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10Apr 2011
Published in Homeowners

?It?s not a secret? It?s just information you don?t have yet? -author unknown

It?s scary, confusing and downright frustrating when all of a sudden out of nowhere (or so it seems) you are served with an Intent To Foreclose. If you are like the hundreds of thousands of victims of companies like Fairbanks Capital/Select Portfolio, Litton or EMC (just to name a few) you don?t have to legitimately be in default for them to institute foreclosure, they just need to claim you are in default. While by no means am I insinuating that servicers orchestrate every foreclosure on their books, we know that many, mine included, have been.

Back in 2002 when my ordeal formally began, there was no handbook telling me how to handle the situation, I literally made it up as I went, hoping I was making the right choices. It is with this in mind that I offer some suggestions on how others might learn from what I went through. I want to stress that what you read here is not intended to replace the advice of qualified legal counsel but merely a suggestion of steps you can take to help protect yourself.


I?m current on my payments, but I just received a Notice of Intent To Foreclose in the mail. What do I do?


There are a few steps you can take at this early stage, which will help you immensely down the road.


1.) Find out what the foreclosure laws are in your state, this will do a number of things, not the least of which is let you know a basic timeline for how things (in theory) are going to proceed.

2.) Gather and organize all your monthly mortgage statements, proofs of payment (cancelled checks, money orders, etc.) and any and all written communication to you from the servicer of your loan.

3.) Find the papers you were given when you closed your loan. Make sure that among those papers are a copy of your Note and Mortgage.

4.) Do a little research on your property down at the registry, see what?s filed there and make copies of everything. Once you have the papers, it should show you who the lender is.

5.) Write a one or two page narrative about your situation. Leaving the emotion out of it, explain what is going on.

6.) Start a timeline of your situation, include everything that has happened and update it frequently.


I?ve got all my papers in order, now what?

Here?s where the real choices begin and where the time line of how foreclosure works in your state come into play. The more organized you are, the easier it?s going to be for you to make other?s understand your situation.



1.) Assuming you haven?t done so already, write and send a qualified written request pursuant to RESPA to both the servicer and lender of your loan. Send these letters U.S.P.S. Certified, Return Receipt Requested.

2.) You can file a complaint with your state?s Banking Department.

3.) You can file a complaint with your state?s Attorney General Consumer Protection Division.

4.) Find, vet and hire a competent lawyer. Ultimately I learned that I needed to be looking for a Consumer Protection Attorney. One of the more useful tools I have found for that was the Martindale-Hubble website.


What do you mean, ?vet? a lawyer?

It?s such a relief when you finally hear those four little words, ?I?ll take your case?. But do you really know who you?ve hired? Use Google, the Bar Association and whatever means are available to you to learn all you can about the lawyer before you hire them. Make sure you feel comfortable working with the person before you hire them because although they work for you, you still have to be able to get along.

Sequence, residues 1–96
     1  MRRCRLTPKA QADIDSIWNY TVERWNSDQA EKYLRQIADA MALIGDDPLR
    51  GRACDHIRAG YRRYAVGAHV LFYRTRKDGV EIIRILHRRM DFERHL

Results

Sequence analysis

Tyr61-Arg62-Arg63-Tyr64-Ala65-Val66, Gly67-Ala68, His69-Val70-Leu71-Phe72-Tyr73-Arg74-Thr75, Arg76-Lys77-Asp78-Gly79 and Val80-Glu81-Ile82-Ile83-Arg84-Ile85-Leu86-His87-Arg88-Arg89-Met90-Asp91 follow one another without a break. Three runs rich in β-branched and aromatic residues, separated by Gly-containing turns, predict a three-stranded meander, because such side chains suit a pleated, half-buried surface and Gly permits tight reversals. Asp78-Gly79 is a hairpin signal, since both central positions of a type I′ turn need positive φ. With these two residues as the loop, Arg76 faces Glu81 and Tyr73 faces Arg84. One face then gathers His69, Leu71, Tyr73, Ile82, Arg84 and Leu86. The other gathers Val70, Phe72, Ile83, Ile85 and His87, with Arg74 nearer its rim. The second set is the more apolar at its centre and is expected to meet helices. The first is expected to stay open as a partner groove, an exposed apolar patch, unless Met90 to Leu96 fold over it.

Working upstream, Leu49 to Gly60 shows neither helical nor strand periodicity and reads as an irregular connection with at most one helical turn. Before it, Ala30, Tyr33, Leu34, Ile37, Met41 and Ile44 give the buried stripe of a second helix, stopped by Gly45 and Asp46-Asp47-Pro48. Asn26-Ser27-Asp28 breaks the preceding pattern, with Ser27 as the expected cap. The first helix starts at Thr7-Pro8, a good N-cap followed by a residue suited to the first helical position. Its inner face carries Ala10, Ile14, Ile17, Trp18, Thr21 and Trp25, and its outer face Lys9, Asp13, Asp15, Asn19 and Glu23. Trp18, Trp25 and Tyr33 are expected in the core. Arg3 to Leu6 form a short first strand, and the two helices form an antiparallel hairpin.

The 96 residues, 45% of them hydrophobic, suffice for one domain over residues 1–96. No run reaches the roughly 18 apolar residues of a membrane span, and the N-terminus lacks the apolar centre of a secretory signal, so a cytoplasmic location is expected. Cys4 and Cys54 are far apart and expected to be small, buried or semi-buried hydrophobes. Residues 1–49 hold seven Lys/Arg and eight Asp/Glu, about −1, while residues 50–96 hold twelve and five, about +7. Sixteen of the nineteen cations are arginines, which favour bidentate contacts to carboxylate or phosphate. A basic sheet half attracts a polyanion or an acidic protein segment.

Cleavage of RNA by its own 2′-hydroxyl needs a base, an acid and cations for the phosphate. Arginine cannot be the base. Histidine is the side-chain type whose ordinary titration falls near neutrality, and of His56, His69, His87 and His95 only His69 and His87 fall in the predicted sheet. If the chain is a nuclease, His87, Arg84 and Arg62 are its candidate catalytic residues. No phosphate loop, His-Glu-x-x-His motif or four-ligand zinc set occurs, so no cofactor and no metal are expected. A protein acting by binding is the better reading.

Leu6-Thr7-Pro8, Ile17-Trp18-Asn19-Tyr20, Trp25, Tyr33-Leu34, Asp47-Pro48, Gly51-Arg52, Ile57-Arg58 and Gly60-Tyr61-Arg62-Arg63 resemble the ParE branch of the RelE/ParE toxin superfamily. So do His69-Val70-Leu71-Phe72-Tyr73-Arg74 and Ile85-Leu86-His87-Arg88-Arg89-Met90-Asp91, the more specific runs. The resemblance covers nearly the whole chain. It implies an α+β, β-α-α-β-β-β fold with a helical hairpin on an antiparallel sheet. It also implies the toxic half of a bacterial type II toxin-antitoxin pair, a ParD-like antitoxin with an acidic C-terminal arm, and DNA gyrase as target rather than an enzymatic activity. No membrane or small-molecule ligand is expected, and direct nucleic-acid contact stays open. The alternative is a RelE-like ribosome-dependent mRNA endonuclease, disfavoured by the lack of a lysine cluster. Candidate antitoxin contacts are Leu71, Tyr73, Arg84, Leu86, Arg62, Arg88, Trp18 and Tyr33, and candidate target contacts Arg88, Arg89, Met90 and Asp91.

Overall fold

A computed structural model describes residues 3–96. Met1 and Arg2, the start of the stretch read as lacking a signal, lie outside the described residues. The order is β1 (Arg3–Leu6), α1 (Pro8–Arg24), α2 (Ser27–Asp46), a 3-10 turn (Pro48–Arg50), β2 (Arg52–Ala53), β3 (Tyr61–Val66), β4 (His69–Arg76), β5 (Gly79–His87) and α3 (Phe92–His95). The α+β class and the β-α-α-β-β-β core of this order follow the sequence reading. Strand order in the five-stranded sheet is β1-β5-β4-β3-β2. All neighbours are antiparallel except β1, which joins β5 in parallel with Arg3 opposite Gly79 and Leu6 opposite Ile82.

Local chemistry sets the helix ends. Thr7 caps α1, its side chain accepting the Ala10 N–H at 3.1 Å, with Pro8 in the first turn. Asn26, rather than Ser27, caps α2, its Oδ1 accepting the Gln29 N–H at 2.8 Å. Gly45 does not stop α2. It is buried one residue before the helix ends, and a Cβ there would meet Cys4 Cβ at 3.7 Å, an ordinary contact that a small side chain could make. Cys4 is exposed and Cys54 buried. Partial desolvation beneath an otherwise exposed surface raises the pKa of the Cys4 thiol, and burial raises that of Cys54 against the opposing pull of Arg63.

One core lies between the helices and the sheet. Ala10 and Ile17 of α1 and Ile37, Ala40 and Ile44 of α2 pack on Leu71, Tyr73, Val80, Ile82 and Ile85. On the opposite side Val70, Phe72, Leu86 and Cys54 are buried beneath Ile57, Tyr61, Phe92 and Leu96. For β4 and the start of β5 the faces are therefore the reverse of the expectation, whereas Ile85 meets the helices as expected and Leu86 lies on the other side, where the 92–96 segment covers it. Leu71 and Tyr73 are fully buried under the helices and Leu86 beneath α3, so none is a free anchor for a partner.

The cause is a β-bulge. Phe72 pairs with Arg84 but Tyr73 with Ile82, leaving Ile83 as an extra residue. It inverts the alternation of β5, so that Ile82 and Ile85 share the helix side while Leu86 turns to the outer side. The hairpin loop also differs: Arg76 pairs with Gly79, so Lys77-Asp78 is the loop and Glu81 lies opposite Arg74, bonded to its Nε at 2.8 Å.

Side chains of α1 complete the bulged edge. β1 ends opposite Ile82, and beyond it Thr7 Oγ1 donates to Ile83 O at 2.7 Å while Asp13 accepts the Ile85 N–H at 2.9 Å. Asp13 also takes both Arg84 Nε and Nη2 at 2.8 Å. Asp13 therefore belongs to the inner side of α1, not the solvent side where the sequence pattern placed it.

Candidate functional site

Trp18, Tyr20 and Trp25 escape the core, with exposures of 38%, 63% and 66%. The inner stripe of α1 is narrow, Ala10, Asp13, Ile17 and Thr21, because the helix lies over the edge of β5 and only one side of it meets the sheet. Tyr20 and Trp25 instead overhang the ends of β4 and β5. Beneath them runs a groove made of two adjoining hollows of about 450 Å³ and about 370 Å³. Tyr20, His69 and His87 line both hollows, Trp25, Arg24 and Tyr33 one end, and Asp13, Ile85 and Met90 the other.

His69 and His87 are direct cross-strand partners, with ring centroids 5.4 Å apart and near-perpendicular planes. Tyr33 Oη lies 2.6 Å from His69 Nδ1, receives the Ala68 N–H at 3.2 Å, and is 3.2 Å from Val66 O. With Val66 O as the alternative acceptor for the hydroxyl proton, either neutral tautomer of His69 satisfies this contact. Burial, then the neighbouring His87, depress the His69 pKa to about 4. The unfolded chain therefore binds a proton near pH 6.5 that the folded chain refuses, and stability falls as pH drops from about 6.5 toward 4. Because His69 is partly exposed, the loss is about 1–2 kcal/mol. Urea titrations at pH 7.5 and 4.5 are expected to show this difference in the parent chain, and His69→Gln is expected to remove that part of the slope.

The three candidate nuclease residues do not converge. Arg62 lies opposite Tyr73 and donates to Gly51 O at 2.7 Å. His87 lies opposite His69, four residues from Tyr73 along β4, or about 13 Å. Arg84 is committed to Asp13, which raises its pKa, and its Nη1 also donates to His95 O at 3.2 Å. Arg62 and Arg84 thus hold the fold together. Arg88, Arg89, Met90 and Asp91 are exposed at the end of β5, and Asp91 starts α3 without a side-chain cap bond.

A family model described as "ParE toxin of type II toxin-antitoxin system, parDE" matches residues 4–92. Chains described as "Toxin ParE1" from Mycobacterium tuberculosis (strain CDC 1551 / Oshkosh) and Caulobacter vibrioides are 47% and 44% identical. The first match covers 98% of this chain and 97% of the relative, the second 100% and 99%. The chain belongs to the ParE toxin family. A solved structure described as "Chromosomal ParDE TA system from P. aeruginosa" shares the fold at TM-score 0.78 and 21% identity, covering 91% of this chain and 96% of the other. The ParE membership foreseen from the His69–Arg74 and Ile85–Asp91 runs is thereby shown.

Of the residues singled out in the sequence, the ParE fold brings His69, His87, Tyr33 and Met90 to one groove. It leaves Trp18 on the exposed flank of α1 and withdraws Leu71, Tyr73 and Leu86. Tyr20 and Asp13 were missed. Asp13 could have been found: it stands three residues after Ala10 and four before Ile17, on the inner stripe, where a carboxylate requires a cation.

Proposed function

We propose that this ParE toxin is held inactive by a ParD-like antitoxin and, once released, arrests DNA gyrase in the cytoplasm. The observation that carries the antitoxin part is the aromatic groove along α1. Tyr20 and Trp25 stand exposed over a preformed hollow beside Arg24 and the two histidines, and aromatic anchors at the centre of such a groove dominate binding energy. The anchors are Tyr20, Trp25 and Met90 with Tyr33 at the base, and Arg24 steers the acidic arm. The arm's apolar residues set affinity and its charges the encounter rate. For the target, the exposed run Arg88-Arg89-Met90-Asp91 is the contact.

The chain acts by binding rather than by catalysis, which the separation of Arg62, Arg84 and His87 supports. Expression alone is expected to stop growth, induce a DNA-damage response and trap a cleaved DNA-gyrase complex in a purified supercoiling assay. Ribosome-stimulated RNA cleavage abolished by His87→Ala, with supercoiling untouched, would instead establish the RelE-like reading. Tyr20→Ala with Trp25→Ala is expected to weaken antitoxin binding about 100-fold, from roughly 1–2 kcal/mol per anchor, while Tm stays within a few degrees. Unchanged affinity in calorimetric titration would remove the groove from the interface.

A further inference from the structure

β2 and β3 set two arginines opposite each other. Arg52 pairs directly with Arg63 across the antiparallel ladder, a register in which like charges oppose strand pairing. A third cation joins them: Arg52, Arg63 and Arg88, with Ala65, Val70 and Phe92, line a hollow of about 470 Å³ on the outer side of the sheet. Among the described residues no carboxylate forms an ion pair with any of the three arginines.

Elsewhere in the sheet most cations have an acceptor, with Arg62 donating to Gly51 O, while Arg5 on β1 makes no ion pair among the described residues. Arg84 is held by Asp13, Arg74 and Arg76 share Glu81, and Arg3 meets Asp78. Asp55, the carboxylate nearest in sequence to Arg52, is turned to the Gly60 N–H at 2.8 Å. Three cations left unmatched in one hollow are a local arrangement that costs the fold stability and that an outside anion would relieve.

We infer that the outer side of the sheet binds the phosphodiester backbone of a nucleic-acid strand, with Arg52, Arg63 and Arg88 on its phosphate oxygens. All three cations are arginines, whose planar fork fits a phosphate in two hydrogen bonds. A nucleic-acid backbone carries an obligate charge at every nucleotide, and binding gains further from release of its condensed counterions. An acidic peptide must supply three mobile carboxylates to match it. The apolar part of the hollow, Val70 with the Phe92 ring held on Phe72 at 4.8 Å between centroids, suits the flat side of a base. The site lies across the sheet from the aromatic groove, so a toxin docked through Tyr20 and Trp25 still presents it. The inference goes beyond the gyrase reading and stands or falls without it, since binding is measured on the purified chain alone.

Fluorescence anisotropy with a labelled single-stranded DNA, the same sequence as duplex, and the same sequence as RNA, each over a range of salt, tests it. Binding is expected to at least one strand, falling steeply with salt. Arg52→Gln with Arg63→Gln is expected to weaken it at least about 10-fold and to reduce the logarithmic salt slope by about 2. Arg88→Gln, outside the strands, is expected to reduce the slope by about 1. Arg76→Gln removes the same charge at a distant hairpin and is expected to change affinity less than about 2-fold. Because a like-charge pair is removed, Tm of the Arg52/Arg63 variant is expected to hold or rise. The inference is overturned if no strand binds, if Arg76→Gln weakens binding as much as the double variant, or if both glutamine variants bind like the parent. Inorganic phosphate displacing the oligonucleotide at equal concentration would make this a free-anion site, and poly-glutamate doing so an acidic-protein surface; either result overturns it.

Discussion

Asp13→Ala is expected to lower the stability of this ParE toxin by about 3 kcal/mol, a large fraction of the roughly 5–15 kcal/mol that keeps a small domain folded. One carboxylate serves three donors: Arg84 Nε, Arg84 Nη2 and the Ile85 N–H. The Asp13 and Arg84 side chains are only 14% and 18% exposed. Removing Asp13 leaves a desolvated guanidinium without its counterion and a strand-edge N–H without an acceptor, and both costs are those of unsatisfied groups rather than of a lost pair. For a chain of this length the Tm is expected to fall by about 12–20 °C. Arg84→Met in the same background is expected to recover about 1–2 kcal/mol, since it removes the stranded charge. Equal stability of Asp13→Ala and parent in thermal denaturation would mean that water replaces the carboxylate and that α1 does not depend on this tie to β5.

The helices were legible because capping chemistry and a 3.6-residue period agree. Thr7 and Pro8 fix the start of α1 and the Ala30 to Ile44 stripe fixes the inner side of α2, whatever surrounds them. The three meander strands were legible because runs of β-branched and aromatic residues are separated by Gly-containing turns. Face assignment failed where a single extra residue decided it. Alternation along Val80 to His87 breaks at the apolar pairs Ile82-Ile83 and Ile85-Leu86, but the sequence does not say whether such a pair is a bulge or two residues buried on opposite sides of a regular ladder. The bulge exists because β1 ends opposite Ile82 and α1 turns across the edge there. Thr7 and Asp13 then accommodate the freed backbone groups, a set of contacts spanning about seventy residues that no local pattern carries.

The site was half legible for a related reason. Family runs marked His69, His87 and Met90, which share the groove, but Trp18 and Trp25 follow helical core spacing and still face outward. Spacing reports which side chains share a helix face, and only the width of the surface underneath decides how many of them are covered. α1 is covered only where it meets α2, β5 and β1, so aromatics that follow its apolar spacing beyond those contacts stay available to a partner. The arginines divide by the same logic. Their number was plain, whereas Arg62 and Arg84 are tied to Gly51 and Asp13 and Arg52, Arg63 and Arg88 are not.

Also, BEFORE you give a lawyer ANY information about your case, request that they do a conflict check on the players involved to make sure they can represent you.


I can?t find a lawyer, what do I do?

In some cases victims end up going pro se and since I fortunately didn?t have to go that route, there isn?t too much I can offer on the subject. Many Courts have websites on which they offer assistance to pro se litigants. I do know that, even someone who is pro se is held by the Court to the same standard as if he or she were an actual lawyer. Be careful, be cautions and learn the Court Rules!


I obtained a Temporary Restraining Order (TRO), what do I do with it?

Make sure you have a certified copy, that is to say a copy that has the Court?s stamp on it and IMMEDIATELY go down and file it at the Registry! It may cost you a few bucks but the peace of mind that gives is definitely worth it! Make sure you always have a copy on hand near your front door, just in case. Filing the TRO at the Registry should prevent anyone from making additions or changes to the documents on file.


Are there any other suggestions you can make?


1.) Yes! Make sure that whether you have a lawyer or not, that when you file in Court to stop the foreclosure, that both the lender and servicer are listed as Defendants. If you are in a state where you are dealing with a Judicial Foreclosure, make sure that both the lender and servicer are Plaintiffs in the matter and if not file whatever papers necessary to make it so!

2.) Remember to take care of yourself and your significant other. This may be a long fight (remember mine started in 2002 and I?m still here in 2008) and you?ll need your strength, sense of humor & each other to get through it all.

3.) Don?t let this become your world. It?s easier said than done, believe me. You need to find a way to get away from the stress and frustration.




Don't forget to check out our other resources for homeowners:

Scams & Scavengers

Alphabet Soup

Marie McDonnell

Who's In Your Wallet


Harmon Law Offices

Eckert Seamans
Last modified on Thursday, 14 April 2011 17:12